Fitzgerald’s Beautiful Condolences Letter

Upon the death of the last son of a very good family friend (the Murphy’s), F. Scott Fitzgerald penned this letter to convey his sadness…..

It’s amazing how beautiful the man could write — and this coming at the end of his life, through the thick of Zelda’s antics, all the money from Gatsby and other book sales gone, and Scott himself drowned in full-blown alcoholism.

“Dearest Gerald and Sara:

The telegram came today and the whole afternoon was so sad with thoughts of you and the happy times we had once. Another link binding you to life is broken and with such insensate cruelty that it is hard to say which of the two blows was conceived with more malice. I can see the silence in which you hover now after this seven years of struggle and it would take words like Lincoln’s in his letter to the mother who had lost four sons in the war to write you anything fitting at the moment. The sympathy you will get will be what you have had from each other already and for a long, long time you will be inconsolable.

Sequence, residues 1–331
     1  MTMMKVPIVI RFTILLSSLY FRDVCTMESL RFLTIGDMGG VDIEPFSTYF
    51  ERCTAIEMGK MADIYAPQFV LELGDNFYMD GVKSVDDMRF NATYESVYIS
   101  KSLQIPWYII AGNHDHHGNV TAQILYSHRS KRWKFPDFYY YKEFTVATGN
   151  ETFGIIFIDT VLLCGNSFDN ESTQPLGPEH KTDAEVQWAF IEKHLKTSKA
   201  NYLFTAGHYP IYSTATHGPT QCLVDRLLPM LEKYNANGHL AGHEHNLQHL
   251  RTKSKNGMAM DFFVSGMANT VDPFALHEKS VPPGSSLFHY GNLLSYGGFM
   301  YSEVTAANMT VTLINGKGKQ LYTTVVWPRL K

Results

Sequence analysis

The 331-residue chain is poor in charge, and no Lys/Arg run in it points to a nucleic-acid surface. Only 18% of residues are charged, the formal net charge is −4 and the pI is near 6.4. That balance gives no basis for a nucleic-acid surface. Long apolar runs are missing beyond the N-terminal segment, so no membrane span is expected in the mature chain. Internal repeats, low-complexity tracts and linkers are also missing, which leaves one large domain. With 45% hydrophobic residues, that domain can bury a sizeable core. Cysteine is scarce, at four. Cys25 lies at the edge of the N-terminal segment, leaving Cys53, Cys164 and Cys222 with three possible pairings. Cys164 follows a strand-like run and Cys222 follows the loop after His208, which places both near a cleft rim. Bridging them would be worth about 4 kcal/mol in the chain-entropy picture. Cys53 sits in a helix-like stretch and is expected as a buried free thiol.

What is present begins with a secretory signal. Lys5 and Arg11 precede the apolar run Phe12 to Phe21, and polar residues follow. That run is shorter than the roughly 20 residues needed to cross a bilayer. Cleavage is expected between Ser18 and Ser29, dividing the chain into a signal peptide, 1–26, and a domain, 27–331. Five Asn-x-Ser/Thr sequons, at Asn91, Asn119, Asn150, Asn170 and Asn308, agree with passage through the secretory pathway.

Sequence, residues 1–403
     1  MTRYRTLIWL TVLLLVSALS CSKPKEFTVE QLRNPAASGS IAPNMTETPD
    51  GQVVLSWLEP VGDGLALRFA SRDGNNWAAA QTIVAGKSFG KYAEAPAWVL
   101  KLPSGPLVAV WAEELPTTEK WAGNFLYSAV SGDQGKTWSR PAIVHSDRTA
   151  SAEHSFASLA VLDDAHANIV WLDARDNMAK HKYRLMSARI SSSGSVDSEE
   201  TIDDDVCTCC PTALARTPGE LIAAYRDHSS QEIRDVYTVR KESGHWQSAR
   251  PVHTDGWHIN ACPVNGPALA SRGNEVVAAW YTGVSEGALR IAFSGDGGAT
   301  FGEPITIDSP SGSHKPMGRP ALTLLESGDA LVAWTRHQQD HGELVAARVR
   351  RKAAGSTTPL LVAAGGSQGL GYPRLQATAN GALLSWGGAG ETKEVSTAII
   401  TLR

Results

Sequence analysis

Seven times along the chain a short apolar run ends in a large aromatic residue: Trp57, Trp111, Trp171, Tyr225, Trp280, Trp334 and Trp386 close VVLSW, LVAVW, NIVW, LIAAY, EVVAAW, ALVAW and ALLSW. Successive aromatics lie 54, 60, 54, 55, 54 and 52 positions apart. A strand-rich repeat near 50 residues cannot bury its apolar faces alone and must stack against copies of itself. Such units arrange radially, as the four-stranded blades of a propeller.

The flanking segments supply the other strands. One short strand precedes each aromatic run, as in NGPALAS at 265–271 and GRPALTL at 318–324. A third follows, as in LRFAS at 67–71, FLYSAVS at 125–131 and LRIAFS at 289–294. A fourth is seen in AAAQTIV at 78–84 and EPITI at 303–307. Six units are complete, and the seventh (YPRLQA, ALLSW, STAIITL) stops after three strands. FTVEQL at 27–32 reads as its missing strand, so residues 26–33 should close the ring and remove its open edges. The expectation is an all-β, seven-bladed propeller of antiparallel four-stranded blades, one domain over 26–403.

But I can see another generation growing up around Honoria and an eventual peace somewhere, an occasional port of call as we all sail deathward. Fate can’t have any more arrows in its quiver for you that will wound like these. Who was it said that it was astounding how deepest griefs can change in time to a sort of joy? The golden bowl is broken indeed but it was golden; nothing can ever take those boys away from you now.


Taken from:

& the great Letters of Note blog:

1 thought on “Fitzgerald’s Beautiful Condolences Letter”

  1. I had to compose a comparable (or at least it appears comparable, depending on the information given) research paper back in 2015 if I was a
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